Meat, whether it is raw for making jerky or cooked ground/minced should ideally be dehydrated at approx. 71°C (160°F) as this is regarded a safe temperature to eliminate bacteria but the dehydrating time will vary anywhere between 6-40 hours (sometimes more). It all depends on the type of meat and its water content, the amount to be dehydrated, humidity and the type of dehydrator. But don’t worry, you will soon get used to how long things take to dehydrate and in my opinion, dehydrating is way more rewarding than simply cooking something

I won’t cover the topic of Jerky in this piece as I believe it deserves an article of its own (if your a fan of Jerky then you know what I mean) so check out a few tried & tested (not to mention freakin’ delicious) “homegrown” recipes in the article homemade jerky recipes (Psst… They’re not only beef jerky recipes either)

Be sure you research the particular type of meat you want to dehydrate as only the more “common types” are covered here. Ok, let’s push on…


BEEFLean beef mince

I personally like to dehydrate cooked, extra lean minced/ground beef for meals or make Jerky from topside (round) beef for a tasty, high protein snack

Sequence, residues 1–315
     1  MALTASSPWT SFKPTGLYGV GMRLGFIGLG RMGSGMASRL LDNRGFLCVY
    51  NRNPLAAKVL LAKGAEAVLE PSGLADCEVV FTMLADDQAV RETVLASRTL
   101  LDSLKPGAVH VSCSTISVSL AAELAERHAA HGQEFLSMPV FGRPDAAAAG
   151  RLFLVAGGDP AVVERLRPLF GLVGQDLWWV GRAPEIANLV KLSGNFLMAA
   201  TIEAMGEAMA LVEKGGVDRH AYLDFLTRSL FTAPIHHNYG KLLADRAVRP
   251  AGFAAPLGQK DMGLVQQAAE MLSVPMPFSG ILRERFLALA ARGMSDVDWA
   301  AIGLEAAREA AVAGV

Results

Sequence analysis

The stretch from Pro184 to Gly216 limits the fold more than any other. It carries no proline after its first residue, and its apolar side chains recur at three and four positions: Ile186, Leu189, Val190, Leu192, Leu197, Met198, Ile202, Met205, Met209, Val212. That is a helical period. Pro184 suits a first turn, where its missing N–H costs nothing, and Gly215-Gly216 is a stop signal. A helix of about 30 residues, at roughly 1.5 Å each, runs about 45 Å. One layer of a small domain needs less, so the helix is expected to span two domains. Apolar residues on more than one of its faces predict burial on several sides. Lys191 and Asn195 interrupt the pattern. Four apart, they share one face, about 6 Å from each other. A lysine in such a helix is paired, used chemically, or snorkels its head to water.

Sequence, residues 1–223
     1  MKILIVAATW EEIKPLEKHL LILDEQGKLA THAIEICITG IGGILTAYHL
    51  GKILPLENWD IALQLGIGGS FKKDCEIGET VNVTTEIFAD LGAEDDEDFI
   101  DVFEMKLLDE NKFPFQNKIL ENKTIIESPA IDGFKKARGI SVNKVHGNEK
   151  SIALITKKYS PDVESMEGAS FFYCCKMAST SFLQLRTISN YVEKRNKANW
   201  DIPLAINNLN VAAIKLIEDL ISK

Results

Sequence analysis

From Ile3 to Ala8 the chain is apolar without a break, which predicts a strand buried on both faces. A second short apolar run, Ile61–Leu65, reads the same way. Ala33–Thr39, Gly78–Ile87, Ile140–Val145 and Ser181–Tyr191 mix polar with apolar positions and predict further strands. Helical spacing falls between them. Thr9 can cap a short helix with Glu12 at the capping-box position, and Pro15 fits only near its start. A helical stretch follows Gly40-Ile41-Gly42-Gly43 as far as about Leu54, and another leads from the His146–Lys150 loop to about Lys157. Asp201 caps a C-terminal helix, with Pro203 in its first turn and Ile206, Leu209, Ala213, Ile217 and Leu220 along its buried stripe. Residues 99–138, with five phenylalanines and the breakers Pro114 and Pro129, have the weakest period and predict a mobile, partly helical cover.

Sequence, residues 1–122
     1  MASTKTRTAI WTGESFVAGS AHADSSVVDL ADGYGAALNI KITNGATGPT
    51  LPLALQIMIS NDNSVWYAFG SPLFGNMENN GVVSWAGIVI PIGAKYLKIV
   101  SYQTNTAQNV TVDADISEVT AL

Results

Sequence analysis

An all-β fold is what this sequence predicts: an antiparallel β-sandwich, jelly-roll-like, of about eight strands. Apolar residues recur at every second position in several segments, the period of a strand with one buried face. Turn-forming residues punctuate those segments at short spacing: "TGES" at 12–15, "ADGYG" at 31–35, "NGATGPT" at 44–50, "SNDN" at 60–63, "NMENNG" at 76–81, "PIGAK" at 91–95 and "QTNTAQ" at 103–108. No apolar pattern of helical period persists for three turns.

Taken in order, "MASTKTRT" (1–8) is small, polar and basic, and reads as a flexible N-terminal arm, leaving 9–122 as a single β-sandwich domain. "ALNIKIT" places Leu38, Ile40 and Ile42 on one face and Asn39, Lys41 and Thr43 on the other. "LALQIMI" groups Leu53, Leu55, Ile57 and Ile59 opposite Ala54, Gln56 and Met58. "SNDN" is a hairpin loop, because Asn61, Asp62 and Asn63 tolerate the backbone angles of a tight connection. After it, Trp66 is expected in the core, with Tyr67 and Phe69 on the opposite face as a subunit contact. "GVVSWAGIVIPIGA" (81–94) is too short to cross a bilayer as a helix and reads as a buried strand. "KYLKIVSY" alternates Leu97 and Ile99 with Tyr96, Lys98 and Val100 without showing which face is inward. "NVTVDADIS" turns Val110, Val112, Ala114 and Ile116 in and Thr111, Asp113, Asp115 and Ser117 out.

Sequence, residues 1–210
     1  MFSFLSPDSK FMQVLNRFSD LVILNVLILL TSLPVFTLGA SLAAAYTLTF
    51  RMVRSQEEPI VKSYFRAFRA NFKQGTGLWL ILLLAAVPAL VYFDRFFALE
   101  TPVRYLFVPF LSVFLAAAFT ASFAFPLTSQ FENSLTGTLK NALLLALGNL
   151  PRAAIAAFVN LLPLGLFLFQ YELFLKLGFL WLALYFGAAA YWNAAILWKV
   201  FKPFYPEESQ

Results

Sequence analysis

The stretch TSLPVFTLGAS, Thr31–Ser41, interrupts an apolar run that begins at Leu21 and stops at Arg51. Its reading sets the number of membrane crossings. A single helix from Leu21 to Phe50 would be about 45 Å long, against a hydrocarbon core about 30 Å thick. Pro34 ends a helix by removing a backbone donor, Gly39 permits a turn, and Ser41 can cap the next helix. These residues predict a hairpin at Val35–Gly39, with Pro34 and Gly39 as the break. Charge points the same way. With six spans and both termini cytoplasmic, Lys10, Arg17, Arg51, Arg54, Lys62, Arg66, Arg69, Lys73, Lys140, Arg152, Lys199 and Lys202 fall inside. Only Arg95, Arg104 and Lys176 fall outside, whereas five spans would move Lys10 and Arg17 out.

When dehydrating minced meat, you should first cook it as you normally would until it is JUST brown and break it down into small morsels to enable even drying. When this has been done, rinse the meat under hot water to get rid of any excess fat (yes, I know that’s what makes it tastier but we’ll get to that a bit later). Then you can start layering the mince out evenly on your dehydrator racks. I will mention here that you will need screens on your dehydrator racks to prevent the morsels falling through the racks. This goes for ALL finer food items (i.e. mixed frozen veggies, rice, pasta, etc)

Switch on the dehydrator at 71°C (160°F) and initially cook for 4 hours. After this, check your mince for dryness. We want it to have the consistency of ‘gravel’. Check as you go by squeezing any larger bits with your fingers to see if they are still soft in the middle. Continue until all dry

Timing is never going to be exactly the same but it should be somewhere between 5-10 hours

Always let food get back to near room temp before packaging. In saying that, don’t keep it out for too long though

Meat will keep for up to two weeks unrefrigerated in an airtight container or sealed bag and over 1 year if refrigerated. Even longer if frozen

Beef Jerky, I hear you say? Yes, I haven’t forgotten. Have a look at my favourite beef jerky recipes in my homemade jerky recipes article


PORKPork mince

This is easy… pretty much the same instructions as beef. Same dehydrator temperature 71°C (160°F), same time just remember to use extra lean ground/minced pork. I’m sure your local butcher will even mince your preferred cut of pork for you if you ask them nicely 🙂

And the best part… Yes! you can do Pork jerky too!.. Just remember to use lean cuts with excess fat trimmed off. See the best one I have made yet…. homemade jerky recipes